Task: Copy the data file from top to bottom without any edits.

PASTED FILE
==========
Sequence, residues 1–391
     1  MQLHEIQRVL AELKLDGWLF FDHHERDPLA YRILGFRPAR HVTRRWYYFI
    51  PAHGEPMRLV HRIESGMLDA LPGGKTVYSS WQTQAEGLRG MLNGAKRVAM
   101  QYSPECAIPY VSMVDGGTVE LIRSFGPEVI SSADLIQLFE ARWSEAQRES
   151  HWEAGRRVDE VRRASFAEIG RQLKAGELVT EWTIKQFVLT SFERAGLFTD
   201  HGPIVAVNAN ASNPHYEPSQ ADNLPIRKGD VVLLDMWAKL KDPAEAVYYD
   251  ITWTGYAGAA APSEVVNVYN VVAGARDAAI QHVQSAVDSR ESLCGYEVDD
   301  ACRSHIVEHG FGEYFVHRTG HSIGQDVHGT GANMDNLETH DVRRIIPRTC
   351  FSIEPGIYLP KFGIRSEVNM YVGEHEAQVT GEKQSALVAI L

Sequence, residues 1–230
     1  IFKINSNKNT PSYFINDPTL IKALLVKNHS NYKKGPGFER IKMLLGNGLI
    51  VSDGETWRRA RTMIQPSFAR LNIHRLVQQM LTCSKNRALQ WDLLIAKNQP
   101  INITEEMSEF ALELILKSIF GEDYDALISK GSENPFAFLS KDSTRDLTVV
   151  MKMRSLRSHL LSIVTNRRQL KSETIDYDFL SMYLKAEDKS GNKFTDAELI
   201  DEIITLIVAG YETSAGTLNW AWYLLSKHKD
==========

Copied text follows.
Sequence, residues 1–391
     1  MQLHEIQRVL AELKLDGWLF FDHHERDPLA YRILGFRPAR HVTRRWYYFI
    51  PAHGEPMRLV HRIESGMLDA LPGGKTVYSS WQTQAEGLRG MLNGAKRVAM
   101  QYSPECAIPY VSMVDGGTVE LIRSFGPEVI SSADLIQLFE ARWSEAQRES
   151  HWEAGRRVDE VRRASFAEIG RQLKAGELVT EWTIKQFVLT SFERAGLFTD
   201  HGPIVAVNAN ASNPHYEPSQ ADNLPIRKGD VVLLDMWAKL KDPAEAVYYD
   251  ITWTGYAGAA APSEVVNVYN VVAGARDAAI QHVQSAVDSR ESLCGYEVDD
   301  ACRSHIVEHG FGEYFVHRTG HSIGQDVHGT GANMDNLETH DVRRIIPRTC
   351  FSIEPGIYLP KFGIRSEVNM YVGEHEAQVT GEKQSALVAI L

Sequence, residues 1–230
     1  IFKINSNKNT PSYFINDPTL IKALLVKNHS NYKKGPGFER IKMLLGNGLI
    51  VSDGETWRRA RTMIQPSFAR LNIHRLVQQM LTCSKNRALQ WDLLIAKNQP
   101  INITEEMSEF ALELILKSIF GEDYDALISK GSENPFAFLS KDSTRDLTVV
   151  MKMRSLRSHL LSIVTNRRQL KSETIDYDFL SMYLKAEDKS GNKFTDAELI
   201  DEIITLIVAG YETSAGTLNW AWYLLSKHKD